NewsJuly 25, 2017

Despite Summer Snow, Greenland Is Still Melting

By Andrea Thompson

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Recent summers on the vast, white expanse of the Greenland ice sheet have featured some spectacular ice melt, including an alarming period in 2012 when nearly the whole surface showed signs of melt. But this summer has instead seen several bouts of snow, staving off a big summer melt. So what gives?

Meltwater lakes poke through a surface of fresh snow after a summer snowstorm in Greenland. The snow helped to briefly stymie summer melt.
Click image to enlarge. Credit: Jason Box/ESA


While it may seem contradictory, those snows are actually something Greenland may see more of with global warming, as the atmosphere becomes primed to dump more heavy precipitation. And while that snow may insulate the ice sheet against major melt this year, focusing on one summer risks missing the forest for the trees. Because make no mistake, Greenland is still melting, dumping water into the ocean and causing global sea levels to steadily rise.

“We’re still pumping a lot of ice” out to sea, Marco Tedesco, who studies Greenland at Columbia University’s Lamont-Doherty Earth Observatory, said.

As Arctic temperatures rise at about double the rate of the planet as a whole, Greenland’s surface has been melting at a steady clip, contributing about 30 percent of the foot of global sea level rise since 1900. And summer is prime melt season, when the sun’s rays beat down on the ice, causing meltwater to pool on the surface and drain down through the ice sheet and out to sea.

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Those rising seas will slowly inundate coastal cities; many already see more so-called sunny day flooding, impeding traffic and flooding basements. The surging waters pushed ashore by hurricanes and other storms is also getting higher and causing more costly damage.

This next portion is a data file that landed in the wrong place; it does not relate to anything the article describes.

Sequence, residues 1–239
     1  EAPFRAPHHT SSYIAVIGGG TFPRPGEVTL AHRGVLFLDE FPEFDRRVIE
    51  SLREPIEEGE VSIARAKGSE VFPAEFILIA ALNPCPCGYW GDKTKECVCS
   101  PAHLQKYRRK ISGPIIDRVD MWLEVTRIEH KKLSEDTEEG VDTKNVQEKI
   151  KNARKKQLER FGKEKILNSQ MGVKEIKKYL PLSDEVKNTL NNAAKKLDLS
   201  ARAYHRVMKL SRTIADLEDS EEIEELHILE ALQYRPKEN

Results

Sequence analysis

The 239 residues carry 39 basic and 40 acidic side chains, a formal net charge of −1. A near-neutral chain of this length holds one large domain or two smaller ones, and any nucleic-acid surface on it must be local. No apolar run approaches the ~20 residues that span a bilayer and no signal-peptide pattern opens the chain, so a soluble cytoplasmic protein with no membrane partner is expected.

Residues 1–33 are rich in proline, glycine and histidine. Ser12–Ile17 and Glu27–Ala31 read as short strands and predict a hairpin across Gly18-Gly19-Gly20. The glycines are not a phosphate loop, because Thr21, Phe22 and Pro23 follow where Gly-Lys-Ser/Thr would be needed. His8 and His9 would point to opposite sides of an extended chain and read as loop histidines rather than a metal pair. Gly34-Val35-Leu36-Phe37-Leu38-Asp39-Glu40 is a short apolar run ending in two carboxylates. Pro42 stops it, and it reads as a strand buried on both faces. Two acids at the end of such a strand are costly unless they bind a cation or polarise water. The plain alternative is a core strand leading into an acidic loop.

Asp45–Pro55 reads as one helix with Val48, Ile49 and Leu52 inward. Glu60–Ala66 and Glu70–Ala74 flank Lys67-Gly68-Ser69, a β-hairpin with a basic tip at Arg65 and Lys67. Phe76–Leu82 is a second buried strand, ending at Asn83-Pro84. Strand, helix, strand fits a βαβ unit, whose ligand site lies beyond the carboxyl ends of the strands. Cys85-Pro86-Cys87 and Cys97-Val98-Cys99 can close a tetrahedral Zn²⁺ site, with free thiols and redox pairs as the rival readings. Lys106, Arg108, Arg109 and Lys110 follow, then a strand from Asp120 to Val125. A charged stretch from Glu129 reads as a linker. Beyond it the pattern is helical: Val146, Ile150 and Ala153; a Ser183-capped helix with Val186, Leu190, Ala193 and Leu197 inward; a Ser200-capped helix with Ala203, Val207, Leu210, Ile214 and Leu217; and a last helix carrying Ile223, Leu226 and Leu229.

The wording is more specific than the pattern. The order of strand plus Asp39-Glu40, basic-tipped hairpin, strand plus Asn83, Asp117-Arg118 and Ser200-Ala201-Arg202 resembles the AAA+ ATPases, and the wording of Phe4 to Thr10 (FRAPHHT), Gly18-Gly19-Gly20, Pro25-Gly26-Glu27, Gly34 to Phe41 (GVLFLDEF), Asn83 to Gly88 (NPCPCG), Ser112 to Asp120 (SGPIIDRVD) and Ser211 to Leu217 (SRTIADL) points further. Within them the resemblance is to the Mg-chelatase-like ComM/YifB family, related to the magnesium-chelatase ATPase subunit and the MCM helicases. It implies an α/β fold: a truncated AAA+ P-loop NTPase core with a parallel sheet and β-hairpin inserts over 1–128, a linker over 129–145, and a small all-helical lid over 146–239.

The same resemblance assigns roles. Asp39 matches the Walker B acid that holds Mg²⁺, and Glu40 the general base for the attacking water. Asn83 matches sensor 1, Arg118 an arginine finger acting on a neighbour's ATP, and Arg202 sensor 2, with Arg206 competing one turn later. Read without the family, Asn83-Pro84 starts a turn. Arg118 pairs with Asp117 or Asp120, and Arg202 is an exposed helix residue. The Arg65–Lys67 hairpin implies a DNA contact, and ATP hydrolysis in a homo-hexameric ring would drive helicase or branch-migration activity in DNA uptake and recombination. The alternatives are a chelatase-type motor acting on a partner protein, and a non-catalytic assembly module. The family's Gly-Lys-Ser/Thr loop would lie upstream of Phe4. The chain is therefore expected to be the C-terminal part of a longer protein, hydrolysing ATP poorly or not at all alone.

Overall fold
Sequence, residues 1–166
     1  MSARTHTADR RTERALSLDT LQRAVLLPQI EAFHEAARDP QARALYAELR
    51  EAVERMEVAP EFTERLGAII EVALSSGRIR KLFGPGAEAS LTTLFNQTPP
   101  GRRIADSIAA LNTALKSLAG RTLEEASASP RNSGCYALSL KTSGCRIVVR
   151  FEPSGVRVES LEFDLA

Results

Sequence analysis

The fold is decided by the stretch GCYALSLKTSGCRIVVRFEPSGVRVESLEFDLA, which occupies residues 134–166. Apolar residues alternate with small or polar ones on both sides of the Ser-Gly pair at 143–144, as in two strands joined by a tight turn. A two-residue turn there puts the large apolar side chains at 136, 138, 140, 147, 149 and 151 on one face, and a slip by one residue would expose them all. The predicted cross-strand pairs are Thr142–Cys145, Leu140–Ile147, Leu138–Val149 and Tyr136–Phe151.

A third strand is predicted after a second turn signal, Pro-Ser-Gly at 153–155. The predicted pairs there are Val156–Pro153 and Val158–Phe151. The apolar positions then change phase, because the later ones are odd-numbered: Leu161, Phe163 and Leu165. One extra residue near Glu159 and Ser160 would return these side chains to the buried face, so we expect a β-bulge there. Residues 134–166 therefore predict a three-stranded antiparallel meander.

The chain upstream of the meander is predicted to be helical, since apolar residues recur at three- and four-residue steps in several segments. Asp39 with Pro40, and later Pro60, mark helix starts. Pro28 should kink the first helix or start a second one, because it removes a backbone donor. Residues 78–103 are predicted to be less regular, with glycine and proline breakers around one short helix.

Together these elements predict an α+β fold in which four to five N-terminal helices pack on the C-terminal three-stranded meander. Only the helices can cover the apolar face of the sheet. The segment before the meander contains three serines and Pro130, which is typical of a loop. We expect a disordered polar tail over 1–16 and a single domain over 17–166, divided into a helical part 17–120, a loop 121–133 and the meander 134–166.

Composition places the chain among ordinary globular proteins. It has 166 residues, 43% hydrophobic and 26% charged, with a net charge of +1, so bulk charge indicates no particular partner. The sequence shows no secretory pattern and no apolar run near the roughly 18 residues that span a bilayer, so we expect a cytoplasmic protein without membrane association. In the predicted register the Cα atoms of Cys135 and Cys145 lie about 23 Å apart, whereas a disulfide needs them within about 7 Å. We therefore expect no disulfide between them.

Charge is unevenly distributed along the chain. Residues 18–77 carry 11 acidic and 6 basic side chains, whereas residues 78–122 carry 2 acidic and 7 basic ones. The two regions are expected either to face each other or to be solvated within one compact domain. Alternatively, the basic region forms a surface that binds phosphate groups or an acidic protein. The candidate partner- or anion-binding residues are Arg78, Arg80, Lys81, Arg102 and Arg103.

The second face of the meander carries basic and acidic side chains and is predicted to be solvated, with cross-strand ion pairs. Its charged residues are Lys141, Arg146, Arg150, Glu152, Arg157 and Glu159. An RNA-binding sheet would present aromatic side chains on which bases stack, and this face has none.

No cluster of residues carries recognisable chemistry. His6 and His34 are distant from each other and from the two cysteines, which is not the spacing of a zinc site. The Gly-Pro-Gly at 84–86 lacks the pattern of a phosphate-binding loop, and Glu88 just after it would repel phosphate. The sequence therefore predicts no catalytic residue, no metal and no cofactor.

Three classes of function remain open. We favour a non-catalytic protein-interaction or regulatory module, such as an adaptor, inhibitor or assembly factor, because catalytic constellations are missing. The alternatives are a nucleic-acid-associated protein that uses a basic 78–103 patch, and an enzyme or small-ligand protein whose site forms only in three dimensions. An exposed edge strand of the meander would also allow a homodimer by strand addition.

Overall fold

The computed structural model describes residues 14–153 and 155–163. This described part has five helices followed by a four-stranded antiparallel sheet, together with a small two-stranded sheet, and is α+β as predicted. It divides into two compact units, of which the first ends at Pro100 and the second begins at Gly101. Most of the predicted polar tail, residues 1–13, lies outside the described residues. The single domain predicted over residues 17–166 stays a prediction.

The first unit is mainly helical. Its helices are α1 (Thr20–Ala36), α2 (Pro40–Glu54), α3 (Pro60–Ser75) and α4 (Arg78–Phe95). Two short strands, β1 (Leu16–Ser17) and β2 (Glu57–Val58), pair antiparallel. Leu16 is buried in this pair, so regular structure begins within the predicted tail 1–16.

Several recent summers have seen particularly stark ice loss: At the peak of the 2012 melt season, about 97 percent of the ice sheet surface was melting — that melt season alone contributed 1 millimeter of global sea level rise. Last year, the melt season started two months early thanks to high temperatures across parts of the island.

Both the extreme October 2016 snowfall and the summer 2017 snows over Greenland are evident in this chart of Greenland's surface mass balance. That mass balance is about 1.2 times higher than normal, whereas during the record warm summer of 2012, it was about 1.2 times lower than normal.
Click image to enlarge. Credit: Jason Box/


But this year has been noticeably different. It all started in October, when big snowstorms “really loaded Greenland up,” Jason Box, a glaciologist at the Geological Survey of Denmark and Greenland, said. “That really preconditioned this year for low melt because it thermally insulates the darker ice below.”

Essentially, it takes a lot more solar energy to get rid of that layer of bright, white snow, which reflects more solar rays back to space than darker layers of ice or meltwater.